- Intervening to prevent the dog from attacking
Strict Liability Dog Bite Claims
To prove strict liability, your lawyer will demonstrate that the owner or caretaker knew about the dog’s previous history of biting or aggression and failed to keep the dog away from others.
Both negligence and strict liability claims can apply to non-bite injuries, including a traumatic brain injury, neck or back injury, or another impact injury from being knocked down during an attack.
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Getting Compensation for Your Dog Bite Injuries
After a dog bite in Texas, you may be able to seek compensation from more than one source. Because of the one-bite ruling in Texas, you can hold more than one person or entity accountable for your dog bite injuries. You can receive compensation from multiple sources, including:
- Homeowner’s insurance policy: If the dog owner is found negligent or strictly liable, you could file a claim to recover compensation with their homeowner’s insurance policy. Most policies include coverage for bodily injury and pet incidents. You may also file a personal injury lawsuit if the settlement isn’t adequate.
- Renter’s insurance policy: A dog owner who rents their property may also have bodily injury and pet incident coverage from which you may recover compensation.
- Personal health insurance: You may be able to get your incident-related medical costs covered by your personal health insurance coverage. However, not all insurance plans cover all treatments.
- Property liability insurance: Landlords and property owners who rent to tenants are often required to hold liability insurance for incidents on their property. If you’re bitten or attacked by a dog who lives in a rental home or rental community, you may file a claim through the landlord’s or management company’s liability insurance policy. Homeowners’ associations that approve of certain animals may be held liable, too.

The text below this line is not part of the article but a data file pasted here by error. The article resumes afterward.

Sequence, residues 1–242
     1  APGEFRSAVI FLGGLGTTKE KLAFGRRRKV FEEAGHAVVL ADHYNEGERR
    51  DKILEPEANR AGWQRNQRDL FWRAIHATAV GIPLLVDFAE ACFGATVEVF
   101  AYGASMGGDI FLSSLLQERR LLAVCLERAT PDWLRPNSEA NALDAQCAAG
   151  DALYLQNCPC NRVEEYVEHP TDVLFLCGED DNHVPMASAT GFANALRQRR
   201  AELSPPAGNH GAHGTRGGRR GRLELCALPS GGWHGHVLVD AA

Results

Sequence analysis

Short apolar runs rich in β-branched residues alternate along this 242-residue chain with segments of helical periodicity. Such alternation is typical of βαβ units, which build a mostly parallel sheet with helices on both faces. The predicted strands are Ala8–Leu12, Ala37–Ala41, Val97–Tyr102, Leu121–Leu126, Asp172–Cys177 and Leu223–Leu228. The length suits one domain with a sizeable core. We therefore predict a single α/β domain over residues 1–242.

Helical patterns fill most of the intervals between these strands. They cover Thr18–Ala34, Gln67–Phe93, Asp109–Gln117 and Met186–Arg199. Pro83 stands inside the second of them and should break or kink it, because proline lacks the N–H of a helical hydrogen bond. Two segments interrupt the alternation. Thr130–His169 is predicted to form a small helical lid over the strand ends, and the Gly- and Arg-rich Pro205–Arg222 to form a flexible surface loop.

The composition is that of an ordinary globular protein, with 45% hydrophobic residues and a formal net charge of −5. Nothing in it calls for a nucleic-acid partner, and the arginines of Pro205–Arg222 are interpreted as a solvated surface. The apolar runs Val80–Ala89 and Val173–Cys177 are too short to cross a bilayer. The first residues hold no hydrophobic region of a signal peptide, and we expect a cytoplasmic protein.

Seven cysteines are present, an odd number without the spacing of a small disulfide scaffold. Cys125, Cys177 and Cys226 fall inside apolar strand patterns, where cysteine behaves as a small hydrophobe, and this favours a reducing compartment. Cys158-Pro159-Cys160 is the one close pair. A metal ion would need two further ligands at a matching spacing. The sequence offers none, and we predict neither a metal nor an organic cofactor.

If the dog owner doesn’t have any insurance, you may not be able to seek compensation through an insurance policy. That’s why it’s important to contact a Texas dog bite attorney to determine all possible avenues through which you can recover compensation.
How Statute of Limitations Applies in Dog Bite Cases
Dog bites and attacks typically fall under personal injury law. Therefore, Texas’s statute of limitations for personal injury suits applies to dog bite cases. Per Texas Civil Practice and Remedies Code § 16.003, you have two (2) years from the date of the incident to file a personal injury lawsuit and try to recover compensation that way.
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Our Dog Bite Lawyers Can Take Your Case
At Underwood Law Office, we know how devastating and painful a dog bite or attack can be. That’s why we’re dedicated to helping you navigate the process of filing a claim or personal injury lawsuit to recover compensation for your injuries. Contact our office today for a free case evaluation to see what damages you can recover.